Yes! I am an internist. Yes! I have practiced for many years. Yes! I know about CHA2DS2-VASc and HAS-BLED*. Yes! I vaguely recalled that we installed built-in calculators right into our EHR to reduce the barriers for our docs to use these calculators while seeing patients.
No, until today, I had not actually used them in the service of a patient. I had been able to skate by with awesome colleagues doing these calculations at hospital discharge, or seeing them prior to me, and I would follow the recommendations generated by these discussions.
UNTIL TODAY! So, I typed in dot phrases to invoke CHADS and here come both calculators, fill in some quick data and see above; really awesome automatically generated displays that can be placed in patient charts (and shared with patients!), and now I can have a thoughtful discussion.
I am amazed, and humbled. In a high-functioning physician informatics organization, the CMIO should NEVER be the bottleneck. We should be innovating, improving our EHR, and balancing “good governence” (hey! don’t put all those interruptive alerts in here UNLESS those being alerted agree that this is a valuable use of their time!) with “rapid cycle innovation” (well, if the nurse leaders on that unit REALLY want to have a pop-up alert every 30 minutes, every time a heparin blood test returns, as long as the nurse leadership wants to try it…)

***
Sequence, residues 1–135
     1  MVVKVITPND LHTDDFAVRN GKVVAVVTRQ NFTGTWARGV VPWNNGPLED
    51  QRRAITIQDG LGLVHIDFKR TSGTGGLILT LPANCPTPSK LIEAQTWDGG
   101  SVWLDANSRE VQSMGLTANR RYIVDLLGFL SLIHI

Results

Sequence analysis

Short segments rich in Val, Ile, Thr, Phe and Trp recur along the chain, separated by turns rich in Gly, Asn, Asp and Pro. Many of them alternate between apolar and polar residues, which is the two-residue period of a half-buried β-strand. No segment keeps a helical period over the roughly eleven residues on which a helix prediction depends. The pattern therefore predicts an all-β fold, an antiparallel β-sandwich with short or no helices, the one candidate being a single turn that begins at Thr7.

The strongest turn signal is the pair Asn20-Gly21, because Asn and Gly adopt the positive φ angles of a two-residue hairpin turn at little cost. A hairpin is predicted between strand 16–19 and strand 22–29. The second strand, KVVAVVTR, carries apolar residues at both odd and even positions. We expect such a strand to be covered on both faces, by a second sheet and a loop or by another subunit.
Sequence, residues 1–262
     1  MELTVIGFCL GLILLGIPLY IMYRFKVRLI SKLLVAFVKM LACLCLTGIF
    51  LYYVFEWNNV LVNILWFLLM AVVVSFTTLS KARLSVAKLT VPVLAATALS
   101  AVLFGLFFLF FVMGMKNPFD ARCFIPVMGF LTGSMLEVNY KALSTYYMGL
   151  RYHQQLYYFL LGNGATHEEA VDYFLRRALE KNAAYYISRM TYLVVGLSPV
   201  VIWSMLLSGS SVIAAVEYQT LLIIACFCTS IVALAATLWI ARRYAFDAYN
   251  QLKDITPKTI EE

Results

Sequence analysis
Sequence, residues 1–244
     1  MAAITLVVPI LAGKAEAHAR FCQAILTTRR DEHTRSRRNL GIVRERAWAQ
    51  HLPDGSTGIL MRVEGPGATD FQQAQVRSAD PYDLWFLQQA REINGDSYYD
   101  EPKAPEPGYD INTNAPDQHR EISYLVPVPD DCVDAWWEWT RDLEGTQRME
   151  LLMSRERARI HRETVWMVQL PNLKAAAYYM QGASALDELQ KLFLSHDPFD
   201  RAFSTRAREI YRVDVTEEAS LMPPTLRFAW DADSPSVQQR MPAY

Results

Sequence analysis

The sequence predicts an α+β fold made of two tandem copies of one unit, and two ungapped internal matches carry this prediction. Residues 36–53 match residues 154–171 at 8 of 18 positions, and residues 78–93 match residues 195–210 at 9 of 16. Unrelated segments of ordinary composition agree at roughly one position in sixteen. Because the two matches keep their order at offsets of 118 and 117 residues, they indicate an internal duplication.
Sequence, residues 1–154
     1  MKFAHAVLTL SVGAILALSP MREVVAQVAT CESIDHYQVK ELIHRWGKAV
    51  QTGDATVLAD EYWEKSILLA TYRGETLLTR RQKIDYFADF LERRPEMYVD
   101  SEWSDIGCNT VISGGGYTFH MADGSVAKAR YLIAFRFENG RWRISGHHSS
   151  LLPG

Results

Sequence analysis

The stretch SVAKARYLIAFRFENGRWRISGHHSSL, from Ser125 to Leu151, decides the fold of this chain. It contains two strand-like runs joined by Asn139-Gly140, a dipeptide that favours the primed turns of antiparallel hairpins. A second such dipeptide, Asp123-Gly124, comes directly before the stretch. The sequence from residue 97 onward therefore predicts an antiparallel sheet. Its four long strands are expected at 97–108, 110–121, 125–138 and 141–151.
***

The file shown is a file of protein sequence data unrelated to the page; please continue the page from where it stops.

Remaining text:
The innovation here is, lowering the barrier for docs to use it IN THEIR WORKFLOW within the EHR. Furthermore, to have it DISCOVERABLE! So many innovations are “hidden” (Oh, you didn’t read our monthly newsletter with 20 items? It was number 12. Oh, our newsletter went to your spam folder? Sorry about that). So, being able to type a search for CHADS or HASBLED into our search field actually teaches the doc how to use the tool. Amazing, being a customer of my own informatics team’s development. Sometimes, stuff just works.
*CHA2DS2-VASc and HAS-BLED are fantastic medical calculators that, based on scads of high quality evidence, that we can now effectively calculate the future stroke risk score of atrial fibrillation patients, AND ALSO that we can calculate the future bleeding risk of anticoagulants (having patients take blood-thinners to prevent stroke in high risk situations). And then we can have a thoughtful data-driven conversation with patients instead of licking our fingers and putting them up to the wind to see which way the wind is blowing that day. You can try it yourself; there are online calculators for CHA2DS2-VASc and HAS-BLED.
CMIO’s take? A big dose of humble pie for the CMIO is part of a good diet. What cool things have YOU discovered in your EHR?